UMD GSG chooses vice presidents to lead body with recently elected President Dan Laffin
Graduate Student Government representatives and newly elected executive board members meet on June 30. (Clara Longo de Freitas/For The Diamondback)
The University of Maryland’s Graduate Student Government executive board will look different next year. Dan Laffin, a rising graduate student at the university, will be the body’s president. And he will have only two vice presidents, rather than the usual eight, by his side.
In closed session at Tuesday’s GSG meeting, representatives elected Simon Sheaff, a government and politics doctoral student, to serve as legislative affairs vice president and speaker for the assembly and Ely Salgado, a public policy doctoral student, to serve as financial affairs vice president.
In April, the body agreed on changes to its constitution that reduced the number of vice presidents and made it so that the remaining positions would be elected by GSG representatives, instead of the graduate student body.
The duties that used to be assigned to the six eradicated vice president positions will be distributed between Sheaff and Salgado, as well as the body’s director of operations and committee chairs.
Laffin, who was this year’s Student Government Association election head commissioner, said he decided to run for GSG president after a friend’s recommendation. After discussing with then- GSG President Annie Rappeport and human resources, they determined he was eligible to run for the position, despite the fact he had not yet entered his first year of graduate school. He ran unopposed and was announced as president-elect Tuesday.
Laffin said he wants to provide a sense of stability and advocacy for the graduate student body.
“Just because we’re not in person, just because we’re not seeing each other,” he said, “doesn’t mean that what we’ve been fighting for and what we’ve been accomplishing is going to go away.”
Sheaff echoed a similar message. After being in GSG for two years, he said he is ready to make GSG more effective, transparent and efficient.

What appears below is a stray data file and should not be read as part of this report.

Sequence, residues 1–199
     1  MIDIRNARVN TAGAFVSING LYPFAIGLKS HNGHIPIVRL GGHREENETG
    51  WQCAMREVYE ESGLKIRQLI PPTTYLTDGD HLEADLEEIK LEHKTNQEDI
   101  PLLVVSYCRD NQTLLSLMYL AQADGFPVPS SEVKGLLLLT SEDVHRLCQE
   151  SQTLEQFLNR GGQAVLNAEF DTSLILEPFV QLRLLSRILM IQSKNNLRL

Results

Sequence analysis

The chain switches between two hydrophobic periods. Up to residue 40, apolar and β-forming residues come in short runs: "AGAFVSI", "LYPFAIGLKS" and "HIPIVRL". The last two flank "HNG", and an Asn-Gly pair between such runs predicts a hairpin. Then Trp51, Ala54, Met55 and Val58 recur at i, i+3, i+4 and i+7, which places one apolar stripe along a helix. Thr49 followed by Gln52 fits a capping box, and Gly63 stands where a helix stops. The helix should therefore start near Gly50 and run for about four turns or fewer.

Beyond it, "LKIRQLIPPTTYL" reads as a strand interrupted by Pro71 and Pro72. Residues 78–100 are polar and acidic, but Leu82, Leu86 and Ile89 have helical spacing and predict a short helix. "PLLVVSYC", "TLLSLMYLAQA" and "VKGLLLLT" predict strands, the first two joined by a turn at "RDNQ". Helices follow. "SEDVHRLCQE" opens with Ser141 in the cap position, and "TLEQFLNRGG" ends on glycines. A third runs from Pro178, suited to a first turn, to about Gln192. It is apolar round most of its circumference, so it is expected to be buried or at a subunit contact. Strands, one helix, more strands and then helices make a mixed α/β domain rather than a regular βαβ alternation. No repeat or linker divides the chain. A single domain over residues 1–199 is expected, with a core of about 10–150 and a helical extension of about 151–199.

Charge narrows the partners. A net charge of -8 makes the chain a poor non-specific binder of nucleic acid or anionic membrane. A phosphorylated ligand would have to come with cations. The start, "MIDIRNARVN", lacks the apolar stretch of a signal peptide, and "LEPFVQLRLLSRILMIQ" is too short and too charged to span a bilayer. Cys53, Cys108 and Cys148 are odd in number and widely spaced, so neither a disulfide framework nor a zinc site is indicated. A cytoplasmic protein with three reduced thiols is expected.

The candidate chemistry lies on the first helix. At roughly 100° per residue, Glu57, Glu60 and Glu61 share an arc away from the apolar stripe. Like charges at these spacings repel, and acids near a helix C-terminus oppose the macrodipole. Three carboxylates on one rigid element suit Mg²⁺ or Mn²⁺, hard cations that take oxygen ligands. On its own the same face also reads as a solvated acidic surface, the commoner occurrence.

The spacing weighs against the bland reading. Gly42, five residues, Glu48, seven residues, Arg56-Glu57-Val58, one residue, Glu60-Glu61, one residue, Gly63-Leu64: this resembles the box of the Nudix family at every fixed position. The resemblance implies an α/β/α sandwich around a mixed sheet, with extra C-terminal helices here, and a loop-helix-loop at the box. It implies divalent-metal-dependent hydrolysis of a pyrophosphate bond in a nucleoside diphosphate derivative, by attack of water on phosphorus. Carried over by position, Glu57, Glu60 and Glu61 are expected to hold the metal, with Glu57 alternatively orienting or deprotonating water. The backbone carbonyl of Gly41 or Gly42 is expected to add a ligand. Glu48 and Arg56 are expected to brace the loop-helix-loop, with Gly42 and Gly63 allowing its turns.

But for starters, he wants to talk with the university about how it can increase support for the graduate students next semester, with at least some remote learning happening this fall.
“The university would not function if graduate students didn’t do a lot of work,” he said. “There are parts of the university where graduate students simply aren’t compensated enough for the work that they do.”
Representatives also passed three resolutions Tuesday, two of which call for more academic and financial support for graduate students during the COVID-19 pandemic. The other asked for improvements in the institutional review board.
Representatives urged the university to update time-to-degree policies and grant extensions for advancement-to-Ph.D.-candidacy deadlines due to potential disruptions caused by COVID-19. The resolution also read that the university should extend assistantship durations by one year for students affected by the pandemic.
Additionally, students who need to do the majority of their coursework online should not be charged out-of-state or differential tuition, a second resolution read. The university should instead offer waivers that provide in-state tuition to those students. The tuition for international students who cannot continue their assistantships should also be accommodated, the resolution read.
Salgado hopes the university will work with students when deciding what the fall semester will look like as campus reopens amid the pandemic. Currently, she says, some schools and departments are not being transparent about their plans for the fall semester.
But regardless of what the semester looks like in the fall, the newly elected vice president for financial affairs wants to continue to allocate funds to the food security fund the body established in March and increase applications for the graduate legal aid services, she said.
At the meeting, the GSG also approved its budget for the next fiscal year, which includes several proposed distributions to plan for different potential cuts in student fees. For the first time, the budget also includes funding for its food security fund, which provides meals at campus dining halls for graduate students suffering from food insecurity.
The graduate student body elected 37 students as department representatives, leaving several seats vacant in the assembly. Sheaff attributed the vacancies to “pandemic-induced confusion,” writing in a text message that the GSG will probably have several elections before the next session starts to fill them.